Playing positions and technique 2
The fingers of the right hand should run parallel to the strings between 1/3 and 1/2 of the way up the neck. In the case of playing a large tanpura in the vertical position, it may be helpful to rest ones elbow on a raised knee to support the arm. Feel free to turn the tanpura until the position of the hand is at its easiest and most relaxed.
The strings of the tanpura are not plucked but are softly pressed down into a vertical vibration. This is a very important point to understand and is crucial for the correct sound production from the jawari. The bridge is designed in such a way that it requires the string to vibrate vertically upon it to enable the overtones to be fully audible. A horizontal vibration will not allow the overtones to completely emerge, thereby defeating the purpose.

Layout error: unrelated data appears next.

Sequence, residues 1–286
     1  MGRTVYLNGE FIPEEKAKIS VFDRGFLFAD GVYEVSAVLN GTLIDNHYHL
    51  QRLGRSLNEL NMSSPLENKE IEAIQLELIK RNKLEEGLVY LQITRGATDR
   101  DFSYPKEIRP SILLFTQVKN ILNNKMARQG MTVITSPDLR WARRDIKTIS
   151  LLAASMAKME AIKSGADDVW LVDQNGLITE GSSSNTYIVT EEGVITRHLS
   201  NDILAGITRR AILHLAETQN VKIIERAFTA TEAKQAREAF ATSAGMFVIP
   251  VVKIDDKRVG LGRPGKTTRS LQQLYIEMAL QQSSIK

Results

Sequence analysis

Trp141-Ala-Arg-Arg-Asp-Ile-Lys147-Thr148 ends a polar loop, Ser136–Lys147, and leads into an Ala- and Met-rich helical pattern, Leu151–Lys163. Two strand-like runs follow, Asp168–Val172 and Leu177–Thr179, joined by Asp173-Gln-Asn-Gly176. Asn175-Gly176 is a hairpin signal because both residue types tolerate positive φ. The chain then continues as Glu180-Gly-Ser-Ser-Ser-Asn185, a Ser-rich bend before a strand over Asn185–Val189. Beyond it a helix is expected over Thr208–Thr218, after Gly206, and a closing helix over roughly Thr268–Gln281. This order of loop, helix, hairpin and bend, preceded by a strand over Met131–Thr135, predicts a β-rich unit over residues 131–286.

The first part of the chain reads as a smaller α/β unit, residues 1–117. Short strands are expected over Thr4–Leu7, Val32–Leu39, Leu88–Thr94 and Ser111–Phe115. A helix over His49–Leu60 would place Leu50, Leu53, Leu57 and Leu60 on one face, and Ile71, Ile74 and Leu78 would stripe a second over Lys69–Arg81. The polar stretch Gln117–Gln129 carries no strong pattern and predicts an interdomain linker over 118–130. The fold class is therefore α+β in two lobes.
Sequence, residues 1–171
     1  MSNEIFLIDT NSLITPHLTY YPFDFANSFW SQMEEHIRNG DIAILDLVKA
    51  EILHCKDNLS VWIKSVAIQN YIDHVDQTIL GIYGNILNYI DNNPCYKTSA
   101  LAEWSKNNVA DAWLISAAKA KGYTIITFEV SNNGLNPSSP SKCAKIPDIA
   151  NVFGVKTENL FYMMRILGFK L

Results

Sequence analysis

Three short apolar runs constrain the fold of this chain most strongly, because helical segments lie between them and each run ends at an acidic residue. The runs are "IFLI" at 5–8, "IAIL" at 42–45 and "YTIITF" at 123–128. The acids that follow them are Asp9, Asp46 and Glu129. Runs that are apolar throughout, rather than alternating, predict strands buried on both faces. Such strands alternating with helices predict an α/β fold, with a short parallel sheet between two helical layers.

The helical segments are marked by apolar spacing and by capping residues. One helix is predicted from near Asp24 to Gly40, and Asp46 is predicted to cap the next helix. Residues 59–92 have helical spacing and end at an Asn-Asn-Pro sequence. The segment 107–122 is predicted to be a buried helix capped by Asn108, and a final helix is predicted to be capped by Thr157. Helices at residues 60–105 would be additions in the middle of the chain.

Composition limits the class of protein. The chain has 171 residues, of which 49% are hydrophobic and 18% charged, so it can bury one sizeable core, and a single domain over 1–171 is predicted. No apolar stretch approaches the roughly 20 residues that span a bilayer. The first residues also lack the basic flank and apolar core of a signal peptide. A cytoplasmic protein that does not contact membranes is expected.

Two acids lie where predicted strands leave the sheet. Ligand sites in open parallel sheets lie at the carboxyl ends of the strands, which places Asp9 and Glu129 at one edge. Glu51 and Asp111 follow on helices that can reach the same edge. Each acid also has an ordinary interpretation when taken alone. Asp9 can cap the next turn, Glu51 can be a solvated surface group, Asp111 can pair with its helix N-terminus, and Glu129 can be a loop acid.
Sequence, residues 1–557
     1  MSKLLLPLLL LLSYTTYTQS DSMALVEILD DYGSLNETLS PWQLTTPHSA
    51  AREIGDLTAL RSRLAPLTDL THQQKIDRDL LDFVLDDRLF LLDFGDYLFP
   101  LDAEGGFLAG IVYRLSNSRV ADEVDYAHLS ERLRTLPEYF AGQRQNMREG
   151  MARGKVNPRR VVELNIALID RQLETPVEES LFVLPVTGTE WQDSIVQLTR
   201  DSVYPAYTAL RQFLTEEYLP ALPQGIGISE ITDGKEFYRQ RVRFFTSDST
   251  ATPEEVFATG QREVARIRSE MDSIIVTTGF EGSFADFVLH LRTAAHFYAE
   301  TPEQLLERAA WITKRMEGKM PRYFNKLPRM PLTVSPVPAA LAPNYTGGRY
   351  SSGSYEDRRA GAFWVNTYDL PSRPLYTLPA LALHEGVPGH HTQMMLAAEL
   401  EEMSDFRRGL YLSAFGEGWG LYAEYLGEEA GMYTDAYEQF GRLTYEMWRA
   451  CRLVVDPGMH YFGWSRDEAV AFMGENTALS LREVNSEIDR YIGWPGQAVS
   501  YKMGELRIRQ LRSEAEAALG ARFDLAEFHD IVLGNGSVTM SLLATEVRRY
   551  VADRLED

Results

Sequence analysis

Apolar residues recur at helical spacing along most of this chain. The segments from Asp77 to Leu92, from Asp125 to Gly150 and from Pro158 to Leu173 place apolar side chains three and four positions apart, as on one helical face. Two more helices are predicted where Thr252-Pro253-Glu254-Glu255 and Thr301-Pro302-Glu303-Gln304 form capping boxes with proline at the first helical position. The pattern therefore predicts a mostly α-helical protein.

Placing the fingers of your right hand parallel to the strings, slightly press down on the first string, PA, using the middle finger until it rolls off the finger top. The finger falls onto the second string, SA, but makes no further sound. The same action is repeated on the second, third and fourth strings, only this time with the index finger. Whilst playing the tanpura one should take special care of the balance. By this I mean the volume at which the individual strings are played. The two middle strings, the joras, should be slightly louder than the other strings, this emphasises the tonic, and the tanpura will sound in balance.